Widening participation – where are we now? (2002) – a paper presented to a conference of the Conference of Validating Universities, reflecting on the evaluation of the HEFCE Widening Participation strategy
HEFCE Widening Participation Support Strategy (2002) – I was a member of the team which evaluated the widening participation strategy of the HE Funding Council for England
Non Award Bearing Higher Education (1999) – a report commissioned by HEFCE to evaluate the Council’s NABCE funding programme, which ran from 1995-1999. With Sue Cara, Veronica McGivney, Fiona Raybould (now Aldridge), Jim Soulsby, Alastair Thomson, and Mike Vaughan.
HE in the UK: Socrates Report (1999) – overview of HE in the UK, produced as part of an EU SOCRATES project on adults in Higher Education. With John Payne.
Development in HE -a discussion paper (1998) – a personal commentary on the experience of the Employment Department’s interventions in HE.
Developing Disciplines (1998) – a review of the Discipline Network Programme, funded by the Department for Employment, which promoted curriculum experiment in new and emerging academic disciplines.
The contribution of HE to the University for Industry (1998) – paper commissioned by the Department for Education and Employment as part of the design of UfI. Reviewed the roles that universities might play in the planned new institution, including illustrations of particular initiatives.
The invisible majority (1997) – an article for Higher Education Quarterly reflecting on the response of the HE system to adult learners during the 1990s and the implications of the Dearing Report into the future of HE in England.
Getting the most out of HE: guidance and learner autonomy (1997) – report of the Guidance and Learner Autonomy in HE Project Programme, funded by the Department for Education and Employment. The project also produced a book Putting Learners at the Centre: reflections from the Guidance and Learner Autonomy in Higher Education Programme , published by the Department for Education and Employment (not available in electronic form). This comprised essays by a range of key players in a range of institutions.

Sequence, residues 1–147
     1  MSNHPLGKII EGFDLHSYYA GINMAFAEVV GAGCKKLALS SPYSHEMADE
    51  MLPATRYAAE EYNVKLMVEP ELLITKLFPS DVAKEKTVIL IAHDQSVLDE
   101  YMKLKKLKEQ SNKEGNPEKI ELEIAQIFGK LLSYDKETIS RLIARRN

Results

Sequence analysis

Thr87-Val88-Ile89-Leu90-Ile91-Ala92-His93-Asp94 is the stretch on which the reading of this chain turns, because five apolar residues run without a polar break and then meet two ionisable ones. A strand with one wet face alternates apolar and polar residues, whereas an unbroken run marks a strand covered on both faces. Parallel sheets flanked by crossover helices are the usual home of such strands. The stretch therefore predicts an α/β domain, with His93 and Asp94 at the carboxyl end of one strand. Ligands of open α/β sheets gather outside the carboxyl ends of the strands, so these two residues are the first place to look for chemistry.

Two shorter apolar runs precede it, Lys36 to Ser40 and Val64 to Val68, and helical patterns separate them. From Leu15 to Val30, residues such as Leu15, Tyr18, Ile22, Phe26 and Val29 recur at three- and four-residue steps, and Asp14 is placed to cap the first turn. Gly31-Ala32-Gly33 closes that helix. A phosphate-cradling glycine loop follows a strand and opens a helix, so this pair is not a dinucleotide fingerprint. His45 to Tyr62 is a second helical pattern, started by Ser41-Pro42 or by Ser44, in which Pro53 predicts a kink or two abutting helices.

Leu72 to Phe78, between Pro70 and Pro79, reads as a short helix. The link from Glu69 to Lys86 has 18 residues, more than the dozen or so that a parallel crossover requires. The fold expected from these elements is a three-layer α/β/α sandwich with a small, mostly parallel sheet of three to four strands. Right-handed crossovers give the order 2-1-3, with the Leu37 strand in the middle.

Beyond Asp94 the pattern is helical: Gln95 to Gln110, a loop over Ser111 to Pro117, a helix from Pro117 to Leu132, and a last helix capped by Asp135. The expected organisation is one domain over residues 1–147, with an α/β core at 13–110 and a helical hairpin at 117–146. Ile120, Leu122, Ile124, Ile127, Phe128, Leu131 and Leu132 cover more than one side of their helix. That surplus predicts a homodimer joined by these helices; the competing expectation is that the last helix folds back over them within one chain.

Is there a crisis in higher education? (1997) – a paper on the nature of higher education (and its role in lifelong learning) for a book The End of Knowledge in Higher Education edited by Ron Barnett , London, Cassell/Institute of Education
Graduates & SMEs: a briefing paper (1996) – a briefing paper for mangers in HE institutions and SMEs, commissioned by the Employment Department – aimed to improve collaboration.
A TEC Manager’s Guide to HE (1995) – a guide to higher education in England for managers of Training and Enterprise Councils, commissioned by the Department of Education and Employment to encourage closer collaboration between HE and employers.
Enterprise in Higher Education (1995) – I was guest editor for special edition of Education and Training which reviewed the experience of the EHE programme (not available electronically)
An Adult Higher Education (1993) – a NIACE policy paper proposed a radical reshaping of higher education to respond to the priorities of lifelong learning. A short article about the report was published in Education and Training Journal in 1994, and can be found here .